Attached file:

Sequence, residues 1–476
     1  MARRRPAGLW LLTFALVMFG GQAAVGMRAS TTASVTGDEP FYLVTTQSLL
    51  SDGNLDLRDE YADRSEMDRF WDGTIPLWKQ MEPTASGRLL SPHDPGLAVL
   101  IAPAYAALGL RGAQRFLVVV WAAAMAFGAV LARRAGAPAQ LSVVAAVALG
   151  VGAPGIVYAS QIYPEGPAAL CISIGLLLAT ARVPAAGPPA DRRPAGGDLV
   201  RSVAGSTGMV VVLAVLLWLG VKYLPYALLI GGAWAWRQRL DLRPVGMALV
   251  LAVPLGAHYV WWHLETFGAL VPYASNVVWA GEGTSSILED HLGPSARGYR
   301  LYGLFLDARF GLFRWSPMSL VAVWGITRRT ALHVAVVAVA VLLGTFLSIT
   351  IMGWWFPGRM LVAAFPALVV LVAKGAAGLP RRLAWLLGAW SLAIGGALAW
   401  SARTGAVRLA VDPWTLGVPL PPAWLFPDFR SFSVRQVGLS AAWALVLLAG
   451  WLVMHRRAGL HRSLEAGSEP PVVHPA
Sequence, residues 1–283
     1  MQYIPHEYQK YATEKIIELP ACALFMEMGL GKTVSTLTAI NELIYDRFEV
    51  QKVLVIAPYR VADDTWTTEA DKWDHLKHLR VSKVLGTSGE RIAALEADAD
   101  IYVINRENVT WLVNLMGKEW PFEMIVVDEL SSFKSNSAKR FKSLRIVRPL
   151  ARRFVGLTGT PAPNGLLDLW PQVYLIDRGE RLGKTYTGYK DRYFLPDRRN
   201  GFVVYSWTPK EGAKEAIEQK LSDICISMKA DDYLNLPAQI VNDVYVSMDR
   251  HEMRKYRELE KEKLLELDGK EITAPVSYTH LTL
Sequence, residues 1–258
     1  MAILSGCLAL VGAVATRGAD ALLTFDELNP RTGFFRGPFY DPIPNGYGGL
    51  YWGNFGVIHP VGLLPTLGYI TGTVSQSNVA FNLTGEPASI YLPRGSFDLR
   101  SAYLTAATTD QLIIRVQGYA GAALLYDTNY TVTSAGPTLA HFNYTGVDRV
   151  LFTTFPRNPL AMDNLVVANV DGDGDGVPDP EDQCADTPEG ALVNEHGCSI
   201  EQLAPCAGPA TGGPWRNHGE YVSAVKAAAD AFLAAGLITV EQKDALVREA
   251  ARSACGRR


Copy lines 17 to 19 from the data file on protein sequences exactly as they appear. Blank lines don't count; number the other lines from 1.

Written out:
   201  GFVVYSWTPK EGAKEAIEQK LSDICISMKA DDYLNLPAQI VNDVYVSMDR
   251  HEMRKYRELE KEKLLELDGK EITAPVSYTH LTL
Sequence, residues 1–258